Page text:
We have done some fairly foolish things in England, for a fact. And some very good things. But this one takes the biscuit when it comes to protections and one I protest vehemently: Many years ago, whilst building a new home in Britain, people would have a dead cat placed under the house, in a wall, or fireplace to protect their home from evil and vermin. If I’m not mistaken, the cat had to be “dried”. I’m very happy this has not carried on today – to my knowledge. You can rest assured I will never tell a customer to put a dried cat in their wall!
In other regions, Rowan crosses bound with red thread were said to “keep the witches all in dread” [clearly a charm for ridding yourself of witches, not for witches to use!], but these days it is for protection against evil. Amulets are for protection. The word “amulet” comes from the Latin word amulētum. The earliest extant use of that term is in Pliny the Elder’s Natural History in which it means “an object that protects a person from trouble”. Talismans are generally for exact focus of intent, such as to draw wealth to a person or love or courage, or some other need.
In Dartmoor, if ever you happen to be around any old Dartmoor farm buildings you may possibly notice a small holed stone or pebble sat on a window ledge. Occasionally if the building has a lock with a key still in it there may well be a similar looking holed stone tied to the end of it. These are known as Hex, or more commonly elsewhere, as Hag Stones and their tradition dates to the time when witches rode along the hedgerows at night, intending to steal one’s cattle and horses.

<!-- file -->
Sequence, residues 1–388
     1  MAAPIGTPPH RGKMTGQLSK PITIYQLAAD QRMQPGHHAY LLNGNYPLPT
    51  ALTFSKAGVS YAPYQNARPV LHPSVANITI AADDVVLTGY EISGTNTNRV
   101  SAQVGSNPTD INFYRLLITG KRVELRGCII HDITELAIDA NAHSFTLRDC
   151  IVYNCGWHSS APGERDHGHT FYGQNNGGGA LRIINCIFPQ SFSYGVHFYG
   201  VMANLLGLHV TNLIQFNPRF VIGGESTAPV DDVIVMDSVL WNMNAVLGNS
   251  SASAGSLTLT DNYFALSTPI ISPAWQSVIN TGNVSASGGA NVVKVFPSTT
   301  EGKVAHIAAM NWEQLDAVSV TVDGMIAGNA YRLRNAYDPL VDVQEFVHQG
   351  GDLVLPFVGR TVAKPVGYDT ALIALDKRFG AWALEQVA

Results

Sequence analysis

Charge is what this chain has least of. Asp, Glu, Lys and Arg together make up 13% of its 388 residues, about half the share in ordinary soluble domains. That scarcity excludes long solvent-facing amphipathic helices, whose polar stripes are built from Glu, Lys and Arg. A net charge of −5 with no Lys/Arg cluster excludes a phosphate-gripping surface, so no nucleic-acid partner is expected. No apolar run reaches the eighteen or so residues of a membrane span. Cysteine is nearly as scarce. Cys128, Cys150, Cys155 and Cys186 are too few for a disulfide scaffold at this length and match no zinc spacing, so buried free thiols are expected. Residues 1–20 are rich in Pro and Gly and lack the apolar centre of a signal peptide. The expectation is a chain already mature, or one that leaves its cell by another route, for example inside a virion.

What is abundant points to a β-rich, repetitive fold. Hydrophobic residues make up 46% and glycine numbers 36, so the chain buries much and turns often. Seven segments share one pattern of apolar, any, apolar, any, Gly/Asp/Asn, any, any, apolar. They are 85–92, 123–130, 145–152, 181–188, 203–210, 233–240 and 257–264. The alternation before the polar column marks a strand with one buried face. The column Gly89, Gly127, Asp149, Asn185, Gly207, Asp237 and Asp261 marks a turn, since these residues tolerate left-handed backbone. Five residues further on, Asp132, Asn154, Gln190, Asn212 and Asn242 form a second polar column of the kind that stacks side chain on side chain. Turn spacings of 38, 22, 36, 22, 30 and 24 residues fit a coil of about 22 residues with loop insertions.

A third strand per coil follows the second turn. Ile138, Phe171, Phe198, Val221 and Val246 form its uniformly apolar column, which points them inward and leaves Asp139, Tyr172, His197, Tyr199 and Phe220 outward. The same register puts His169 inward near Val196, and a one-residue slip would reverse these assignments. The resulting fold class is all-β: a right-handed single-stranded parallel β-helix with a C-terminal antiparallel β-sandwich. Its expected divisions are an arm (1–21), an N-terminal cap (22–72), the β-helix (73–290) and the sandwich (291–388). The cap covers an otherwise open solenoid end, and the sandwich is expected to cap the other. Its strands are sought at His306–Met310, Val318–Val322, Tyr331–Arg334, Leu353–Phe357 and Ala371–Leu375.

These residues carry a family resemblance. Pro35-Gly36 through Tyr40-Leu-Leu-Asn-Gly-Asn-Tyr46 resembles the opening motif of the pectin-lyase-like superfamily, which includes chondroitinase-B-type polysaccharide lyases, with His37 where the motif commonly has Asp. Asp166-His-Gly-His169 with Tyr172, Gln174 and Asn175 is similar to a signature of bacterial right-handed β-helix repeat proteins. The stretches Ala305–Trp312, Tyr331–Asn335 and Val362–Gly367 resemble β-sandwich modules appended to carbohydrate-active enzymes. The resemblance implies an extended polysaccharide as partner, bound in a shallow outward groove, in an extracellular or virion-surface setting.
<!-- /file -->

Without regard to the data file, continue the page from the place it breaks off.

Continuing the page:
The Familiar. Everyone thinks a black cat is a witch’s familiar. The poor, much maligned black moggy is only popular these days because of the silly notion of Halloween – oh you know, the commercialised ridiculousness. Like any other holiday, commercialism takes the fun out of it. Anyway, no… every witch does not have a black cat for a familiar. Some do, I do not, nor have I ever. The witch’s familiar can literally be anything. It does not need to be an animal. You can conjure up your own familiar in a jar if you like. Just like in MacBeth:
“Fillet of a fenny snake,
In the cauldron boil and bake;
Eye of newt and toe of frog,
Wool of bat and tongue of dog,
Adder’s fork and blind-worm’s sting,
Lizard’s leg and owlet’s wing,
For a charm of powerful trouble,
Like a hell-broth boil and bubble”
~ Macbeth 4.1
Dogs and cats were the most common familiars, but mice, stoats, toads and many other small animals could take the part. Toads were useful for supplying venom, and vermin and in general were associated with dirt, disease and evil. And do note, the Familiar was not a pet. You would not put the Familiar’s work load on a beloved pet. So, if you have a pet you are calling your Familiar, please don’t. The things a Familiar were sent to do in aid of the witch were not fit for a pet to do.